For example, one of the first words I learned though Bud is tchinelas – flip flops. He loves to give inexpensive tchinelas to local kids who don’t have any or whose tchinelas are worn to their end of life. Since I love wearing sandals and flip flops I mastered tchinelas, which is pronounced without the “t.” So, say it with me – chin-e-las. Very good, class. Salamat.

Janet and I quickly became fan’s of Bud’s videos and she began to quiz me based on some of the words I was learning.

Once we hit the Philippines, I was determined to use as many Visayan words as I could. I said please and thank you, palihog and salamat, whenever possible. I greeted people with good morning/afternoon/evening, struggling not to confuse maayong buntag, maayong hapon and maayong gabii.

I tried as much as possible and I think people did appreciate it but I find that many Filipinos want to speak English to an American as much as I wanted to speak Visayan to a Filipino. So my maayong buntag would be answered with “good morning, sir.”

I also tried to throw in a smattering of kamusta ka, how are you, and when someone asked me  how I was, I answer maayo, good, because I didn’t know how to say, “OK – waiting for my next San Miguel.”

I did however learn that if you say, Okay lang, as often as possible you sound much more Filipino than if you just say, “okay.” So okay lang became my go to expression.

Our itinerary on this trip was a week in Alcoy, Cebu, a week in Dumaguete, and then a final week in Palawan. While I won’t say that my language skills improved significantly the first couple weeks, I did enjoy trying. We then arrived in Palawan. Unfortunately, Janet had failed to mention that they speak Tagalog in Palawan. So my maayong buntags  failed to elicit the proper response. “They speak Tagalog here,” Janet informed me.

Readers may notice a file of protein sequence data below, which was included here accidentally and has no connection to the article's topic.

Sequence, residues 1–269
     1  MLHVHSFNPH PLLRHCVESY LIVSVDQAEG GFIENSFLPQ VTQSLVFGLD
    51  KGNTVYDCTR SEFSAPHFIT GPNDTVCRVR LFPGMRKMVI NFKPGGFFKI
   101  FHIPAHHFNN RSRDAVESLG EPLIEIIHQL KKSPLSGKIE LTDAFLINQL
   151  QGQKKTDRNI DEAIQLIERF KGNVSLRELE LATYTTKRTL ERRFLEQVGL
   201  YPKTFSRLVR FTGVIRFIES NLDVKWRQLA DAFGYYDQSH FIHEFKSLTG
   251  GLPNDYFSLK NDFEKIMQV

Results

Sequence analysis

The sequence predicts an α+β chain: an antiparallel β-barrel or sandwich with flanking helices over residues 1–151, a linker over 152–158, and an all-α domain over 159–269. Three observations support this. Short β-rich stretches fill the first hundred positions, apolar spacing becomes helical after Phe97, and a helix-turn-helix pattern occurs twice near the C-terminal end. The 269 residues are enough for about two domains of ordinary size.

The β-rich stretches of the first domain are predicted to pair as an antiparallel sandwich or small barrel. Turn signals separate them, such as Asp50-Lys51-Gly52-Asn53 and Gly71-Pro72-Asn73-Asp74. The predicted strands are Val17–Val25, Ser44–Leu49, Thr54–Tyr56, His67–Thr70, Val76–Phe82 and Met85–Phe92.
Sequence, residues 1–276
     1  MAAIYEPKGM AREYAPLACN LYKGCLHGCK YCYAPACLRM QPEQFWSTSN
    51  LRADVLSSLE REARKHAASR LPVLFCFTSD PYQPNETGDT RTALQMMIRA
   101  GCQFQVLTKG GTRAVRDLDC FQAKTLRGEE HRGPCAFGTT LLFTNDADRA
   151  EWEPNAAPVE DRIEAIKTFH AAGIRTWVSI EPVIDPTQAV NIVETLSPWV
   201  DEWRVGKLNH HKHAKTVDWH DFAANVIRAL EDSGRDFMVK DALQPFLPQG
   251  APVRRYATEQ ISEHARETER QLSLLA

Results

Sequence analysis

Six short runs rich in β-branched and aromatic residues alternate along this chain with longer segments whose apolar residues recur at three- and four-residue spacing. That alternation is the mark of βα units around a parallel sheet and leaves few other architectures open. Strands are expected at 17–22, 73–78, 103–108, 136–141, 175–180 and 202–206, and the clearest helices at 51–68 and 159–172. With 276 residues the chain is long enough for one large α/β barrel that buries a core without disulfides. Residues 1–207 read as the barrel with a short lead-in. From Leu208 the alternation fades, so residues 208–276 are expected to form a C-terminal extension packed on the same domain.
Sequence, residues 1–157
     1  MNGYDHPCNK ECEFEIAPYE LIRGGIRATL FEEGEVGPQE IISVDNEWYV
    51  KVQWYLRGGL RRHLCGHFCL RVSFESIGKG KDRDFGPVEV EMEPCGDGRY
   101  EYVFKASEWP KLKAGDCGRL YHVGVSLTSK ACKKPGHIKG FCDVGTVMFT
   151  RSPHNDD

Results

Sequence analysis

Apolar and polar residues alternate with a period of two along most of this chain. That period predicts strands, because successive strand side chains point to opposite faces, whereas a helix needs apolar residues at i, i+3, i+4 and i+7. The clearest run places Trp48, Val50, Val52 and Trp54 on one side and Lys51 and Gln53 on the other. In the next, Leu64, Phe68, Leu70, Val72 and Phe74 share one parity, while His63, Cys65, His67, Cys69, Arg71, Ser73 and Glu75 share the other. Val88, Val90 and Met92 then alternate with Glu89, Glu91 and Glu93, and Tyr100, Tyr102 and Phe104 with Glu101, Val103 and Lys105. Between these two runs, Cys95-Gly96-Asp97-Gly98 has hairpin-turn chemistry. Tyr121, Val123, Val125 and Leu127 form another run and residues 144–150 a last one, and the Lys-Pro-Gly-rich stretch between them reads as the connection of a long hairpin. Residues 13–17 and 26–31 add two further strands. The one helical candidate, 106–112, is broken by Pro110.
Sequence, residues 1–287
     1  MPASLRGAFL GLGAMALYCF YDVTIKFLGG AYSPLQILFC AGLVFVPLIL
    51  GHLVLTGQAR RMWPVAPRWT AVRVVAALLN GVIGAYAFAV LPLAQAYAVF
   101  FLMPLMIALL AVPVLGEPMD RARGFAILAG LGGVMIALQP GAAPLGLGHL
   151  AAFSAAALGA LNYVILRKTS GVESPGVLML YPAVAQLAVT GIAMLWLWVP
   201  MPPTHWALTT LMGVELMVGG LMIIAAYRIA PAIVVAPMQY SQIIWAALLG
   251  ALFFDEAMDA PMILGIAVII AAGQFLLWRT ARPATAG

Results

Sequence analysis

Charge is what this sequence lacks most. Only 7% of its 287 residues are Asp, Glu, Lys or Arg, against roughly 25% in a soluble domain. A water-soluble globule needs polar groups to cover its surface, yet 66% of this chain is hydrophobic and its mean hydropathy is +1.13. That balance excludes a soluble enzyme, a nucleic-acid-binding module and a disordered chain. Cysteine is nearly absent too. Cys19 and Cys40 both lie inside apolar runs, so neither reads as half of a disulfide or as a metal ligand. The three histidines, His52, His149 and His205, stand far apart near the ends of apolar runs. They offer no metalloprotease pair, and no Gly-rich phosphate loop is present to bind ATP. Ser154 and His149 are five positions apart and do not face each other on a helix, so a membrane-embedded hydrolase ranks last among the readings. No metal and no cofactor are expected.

“Tagalog? What good is that?”

“Well some words are the same,” she tried to assure me.

I spent the week mostly saying, “San Miguel, Salamat.”

Snipets from our Latest Trip to the Philippines

We’ve been back less than a week from our 3-week vacation to the Philippines. Our itinerary was: 1 week in Alcoy, Cebu; 1 week in Dumaguete; 1 week in Palawan. It all went by too quickly. Here are some impressions.

I need to work on my drinking:


I had the opportunity to meet three expats for lunch while in Dumaguete. They were guys I knew online from a Philippines forum I frequent. Good guys, not an American among them, and it seems clear that when we move to Dumaguete, that if I want some expat friends, at least a few good ones live there.

But when it comes to drinking San Miguel I am woefully lacking. Had my standard 1 beer while two of my new friends were plowing through a 6-pack each. The waitress was running full speed to and from our table to take and then deliver the next beer run. Somehow the guys had the energy to flirt with her every time she arrived – which might have been the purpose. Finally I ordered a 2nd San Mig just to keep from looking like the lightweight that I am.

Afterwards Janet took one look at me and asked how many beers I’d had.

Is the Philippines the noisiest or most romantic place on earth:


Janet and I were in El Nido, Palawan – a beautiful place. We’d just had dinner and were walking back to our hotel. Janet spotted a cart with her fave grilled chicken intestines on a stick; and no I did not partake. I like Filipino food but there’s a limit. She is waiting with baited breath for the grilling to finish when suddenly we hear a dog yelping in extreme pain. Like most places in the Philippines the streets of El Nido are narrow, trikes, motorcycles, and cars rush along with little concern, and we assumed the dog got hit by something. Everyone was looking in the direction of the cries of pain, which did not stop and if anything intensified. Janet and I feared the worst and approached the dog. I was expecting to see massive injuries. Instead we witnessed two dogs humping happily. “Must be a virgin,” Janet remarked. Only in the Philippines!